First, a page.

They Started the Execution, Then Called It Off

They couldn't find a vein for lethal injection
By Rob Quinn,  Newser Staff
Posted Nov 16, 2017 2:03 AM CST
They Started the Execution, Then Called It Off
This photo provided by the Ohio Department of Rehabilitation and Correction shows death row inmate Alva Campbell.   (Ohio Department of Rehabilitation and Correction via AP, File)

An Ohio inmate described as "the poster child for the death penalty" turned out to be too unhealthy to execute on Wednesday. The execution of 69-year-old convicted murderer Alva Campbell was halted 30 minutes in after a medical team failed to find viable sites for a lethal injection, the Columbus Dispatch reports. Campbell, who murdered 18-year-old Charles Dials during a 1997 carjacking and served 20 years in prison for a previous killing, was granted a temporary reprieve by Gov. John Kasich. He will return to death row with a new execution date of June 5, 2019, but he suffers from multiple illnesses and doctors are unsure whether he will survive long enough to be executed.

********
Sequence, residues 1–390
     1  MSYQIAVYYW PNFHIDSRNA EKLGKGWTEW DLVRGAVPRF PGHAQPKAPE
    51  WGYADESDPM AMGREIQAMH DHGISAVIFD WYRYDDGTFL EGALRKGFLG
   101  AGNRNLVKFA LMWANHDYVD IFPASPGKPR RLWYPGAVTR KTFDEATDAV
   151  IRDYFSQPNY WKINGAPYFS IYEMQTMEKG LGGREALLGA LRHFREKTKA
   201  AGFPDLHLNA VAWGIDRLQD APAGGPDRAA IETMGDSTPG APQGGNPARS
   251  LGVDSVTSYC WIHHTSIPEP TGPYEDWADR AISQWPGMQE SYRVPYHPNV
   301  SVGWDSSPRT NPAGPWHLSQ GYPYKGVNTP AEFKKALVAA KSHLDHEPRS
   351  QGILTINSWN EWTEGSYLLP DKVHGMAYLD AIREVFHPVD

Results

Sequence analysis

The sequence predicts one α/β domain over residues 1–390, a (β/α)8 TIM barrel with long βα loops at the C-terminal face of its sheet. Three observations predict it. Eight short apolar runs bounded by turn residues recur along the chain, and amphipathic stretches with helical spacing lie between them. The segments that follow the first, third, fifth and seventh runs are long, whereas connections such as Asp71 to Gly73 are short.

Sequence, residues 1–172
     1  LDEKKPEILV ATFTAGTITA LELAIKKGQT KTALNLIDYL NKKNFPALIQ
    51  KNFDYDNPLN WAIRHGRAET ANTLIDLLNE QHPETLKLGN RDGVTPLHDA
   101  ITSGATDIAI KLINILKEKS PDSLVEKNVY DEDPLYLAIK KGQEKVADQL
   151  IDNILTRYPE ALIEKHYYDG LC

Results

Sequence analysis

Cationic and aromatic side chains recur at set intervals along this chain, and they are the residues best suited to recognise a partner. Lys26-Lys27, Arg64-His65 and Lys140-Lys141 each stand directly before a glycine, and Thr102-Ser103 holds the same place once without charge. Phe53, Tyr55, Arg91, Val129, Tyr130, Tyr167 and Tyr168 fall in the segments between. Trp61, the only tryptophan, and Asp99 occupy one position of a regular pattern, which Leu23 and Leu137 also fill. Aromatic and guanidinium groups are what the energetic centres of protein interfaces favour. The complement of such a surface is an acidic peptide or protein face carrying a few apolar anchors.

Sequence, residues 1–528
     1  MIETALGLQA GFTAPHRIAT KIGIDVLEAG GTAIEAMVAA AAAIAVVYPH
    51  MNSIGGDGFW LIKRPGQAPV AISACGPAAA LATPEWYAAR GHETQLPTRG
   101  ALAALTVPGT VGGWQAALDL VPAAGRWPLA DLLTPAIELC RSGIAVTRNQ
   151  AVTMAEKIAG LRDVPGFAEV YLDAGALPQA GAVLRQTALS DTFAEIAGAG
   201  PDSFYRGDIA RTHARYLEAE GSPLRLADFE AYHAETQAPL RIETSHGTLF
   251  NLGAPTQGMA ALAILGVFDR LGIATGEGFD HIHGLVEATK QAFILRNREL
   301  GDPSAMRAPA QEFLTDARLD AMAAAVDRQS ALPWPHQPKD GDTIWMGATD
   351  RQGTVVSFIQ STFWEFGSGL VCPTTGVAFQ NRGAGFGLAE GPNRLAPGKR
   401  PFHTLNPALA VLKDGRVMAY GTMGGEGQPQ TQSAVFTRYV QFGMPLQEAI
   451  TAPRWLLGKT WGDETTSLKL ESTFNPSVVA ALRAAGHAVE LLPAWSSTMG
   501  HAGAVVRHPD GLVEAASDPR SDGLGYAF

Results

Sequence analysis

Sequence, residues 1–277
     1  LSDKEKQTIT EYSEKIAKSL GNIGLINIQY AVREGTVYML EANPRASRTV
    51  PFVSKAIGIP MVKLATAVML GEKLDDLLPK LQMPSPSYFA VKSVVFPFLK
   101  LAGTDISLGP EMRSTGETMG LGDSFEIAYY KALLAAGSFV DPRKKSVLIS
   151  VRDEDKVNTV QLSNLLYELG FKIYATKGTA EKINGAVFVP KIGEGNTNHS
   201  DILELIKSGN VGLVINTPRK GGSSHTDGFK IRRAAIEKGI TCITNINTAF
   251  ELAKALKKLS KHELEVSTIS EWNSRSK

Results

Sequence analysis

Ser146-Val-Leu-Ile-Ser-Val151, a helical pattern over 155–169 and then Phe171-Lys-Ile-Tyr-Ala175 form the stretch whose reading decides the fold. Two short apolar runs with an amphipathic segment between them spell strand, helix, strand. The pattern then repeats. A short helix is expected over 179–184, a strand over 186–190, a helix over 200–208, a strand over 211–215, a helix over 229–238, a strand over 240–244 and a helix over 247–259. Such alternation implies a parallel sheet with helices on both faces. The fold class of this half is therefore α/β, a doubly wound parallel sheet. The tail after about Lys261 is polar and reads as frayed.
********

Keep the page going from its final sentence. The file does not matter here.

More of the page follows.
David Stebbins, Campbell's public defender, says the inmate shook hands with members of the medical team after the execution was called off, the AP reports. Stebbins says he has "no idea" whether the inmate will survive until 2019, but the health problems that made it impossible to find a usable vein are not going to go away. According to the AP, this is only the third time in modern US history that an execution in progress has been called off. Ohio inmate Romell Broom is still alive after a botched execution attempt in 2009. In 1946, 16-year-old Louisiana inmate Willie Francis survived after a drunk prison guard improperly set up an electric chair. Francis was executed the following year. (More execution stories.)

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